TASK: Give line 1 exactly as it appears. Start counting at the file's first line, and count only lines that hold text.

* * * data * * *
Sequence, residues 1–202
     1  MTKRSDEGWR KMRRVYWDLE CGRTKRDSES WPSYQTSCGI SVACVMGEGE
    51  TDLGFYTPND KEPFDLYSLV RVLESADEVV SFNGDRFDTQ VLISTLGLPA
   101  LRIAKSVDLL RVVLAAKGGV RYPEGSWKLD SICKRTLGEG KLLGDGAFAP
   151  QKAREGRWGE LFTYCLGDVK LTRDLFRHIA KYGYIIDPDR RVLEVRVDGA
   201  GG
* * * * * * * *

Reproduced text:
Sequence, residues 1–202